This is really fun, but also it showed me that it's easy to reach a global audience, because of the technology that we have available. And so that happened and I started thinking about what it would be like to have my own podcast. But I held onto the idea for months before really going through with it, because I realized not only are you putting yourself out there, but it's a big commitment and it's something that I wanted to do well. And I think you were probably one of the first professional colleagues that I mentioned, you know wanting to make this podcast for, and you were totally supportive of it! I really worried about stepping on other people's toes.
Andony Melathopoulos: [00:32:26] Oh yeah.
Mandy Shaw: [00:32:27] So your support was really awesome. And then I started playing with names of what it could be. It was going to either be, it's a total secret you guys, you can't tell anyone.
Andony Melathopoulos: [00:32:39] This is just us.
Mandy Shaw: [00:32:40] It's confidential. It was either going to be Beekeeper Confidential or perspectives and beekeeping. And I'm like, "which is more fun? Beekeeper Confidential"! So that's what I went with.
Andony Melathopoulos: [00:32:55] I love it because it really does describe the show. You're really kind of getting the confidence of the person you're interviewing and all the episodes are, you know, it's about beekeeping and there's all sorts of beekeeping skills you're learning, but you're also learning about the person and how they got into it. It really helps. I always think this with somebody who is getting into beekeeping for the first time. It's daunting and it's nice to hear, "oh, I made those mistakes, I've done it, I did this for this reason, my motivations changed over time." Like all of those things are really reassuring to hear.
Mandy Shaw: [00:33:29] And I also feel like because people are learning along with me. I learned so much from my guests and I really wanted to make sure that I wasn't making Beekeeper Confidential, how to beekeep like Mandy - I never wanted that to be the core of it. The message is we're on this journey together. Let's learn together in a way that's fun and friendly and something that I hope people look forward to hearing every two weeks.
Andony Melathopoulos: [00:34:06] Well you've had some great memorable guests. It's hard to sort of pick guests. And it's like, "who's memorable?" It's like "geesh." But who are some of the, just off the top of your head, just pull us through some episodes cause you've had some really great ones and some of the people you have on the show are mentors of yours locally, but you've also reached out to some peculiar characters.
Mandy Shaw: [00:34:33] Yeah, well, probably one of my favorite episodes is with, Dr. Samuel Ramsey. And I super loved that episode because of how fun he was to interview. He also sings, if you're not familiar with him, he has an amazing voice. And I wanted him to sing on my show. And so I came up with this really ridiculous song about Varroa mites, and I'm like, "I'm just gonna put myself out there and I'm going to sing it and I want to see if he'll sing it with me" and he did! And it was, it was such a delightful moment. Like we'd been talking about kind of heavy stuff, but then we sing the song and we're laughing, and it was just a really speacial moment. There was that, and then, Peter Nelson, the director of The Pollinators film, I reached out to him and...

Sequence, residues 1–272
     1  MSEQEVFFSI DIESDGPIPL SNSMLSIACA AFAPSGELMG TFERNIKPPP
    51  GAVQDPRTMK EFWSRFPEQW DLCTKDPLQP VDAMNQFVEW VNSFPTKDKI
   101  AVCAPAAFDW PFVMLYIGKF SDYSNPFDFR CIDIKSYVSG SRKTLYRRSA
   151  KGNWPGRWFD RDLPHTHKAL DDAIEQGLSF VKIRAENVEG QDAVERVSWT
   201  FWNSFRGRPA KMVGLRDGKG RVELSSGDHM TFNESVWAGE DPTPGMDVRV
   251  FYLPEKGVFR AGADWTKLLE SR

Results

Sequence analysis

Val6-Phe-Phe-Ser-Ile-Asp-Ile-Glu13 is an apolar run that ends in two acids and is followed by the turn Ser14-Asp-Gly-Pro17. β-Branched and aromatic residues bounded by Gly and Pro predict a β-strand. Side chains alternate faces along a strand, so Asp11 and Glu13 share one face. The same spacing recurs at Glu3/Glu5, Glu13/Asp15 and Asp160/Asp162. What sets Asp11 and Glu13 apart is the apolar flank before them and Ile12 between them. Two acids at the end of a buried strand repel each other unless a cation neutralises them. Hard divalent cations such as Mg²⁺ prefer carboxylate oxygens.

Andony Melathopoulos: [00:35:38] I'd watched the film, but I didn't hear the episode, tell us a little bit about that.
Mandy Shaw: [00:35:40] Oh, he was so nice and generous with his time. And he's interviewing me while he's on the road cause he's showing it at all these different places, but he took the time to chat with me about making the film and he was such a down to earth guy. It was just really easy to talk with him. And I, I loved it. It was one of those episodes that I went back and listened to two or three times after publishing it.
Andony Melathopoulos: [00:36:11] Tell us, how did he get interested in this topic? Does he have a bee background or, how did he get drawn to it?
Mandy Shaw: [00:36:20] He is a beekeeper. He's been keeping bees for quite a while, actually, just as a backyard beekeeper. But he has an interest in farming and agriculture and wanted to do this piece about what's happening with the agricultural industry and how bees are affected by it. And one of the things that was a big takeaway for me was, I have a very different perspective on commercial beekeeping now, than I did prior to watching the film.
What he taught me was that they're simply responding to all of these different pressures that are placed on them, that are placed on their bees. They don't want to be having to treat their colony so frequently. They don't want to put their colonies in orchards that maybe the neighboring orchard is using some kind of fungicide or pesticide on them. But that's, that's just the reality of what it is now.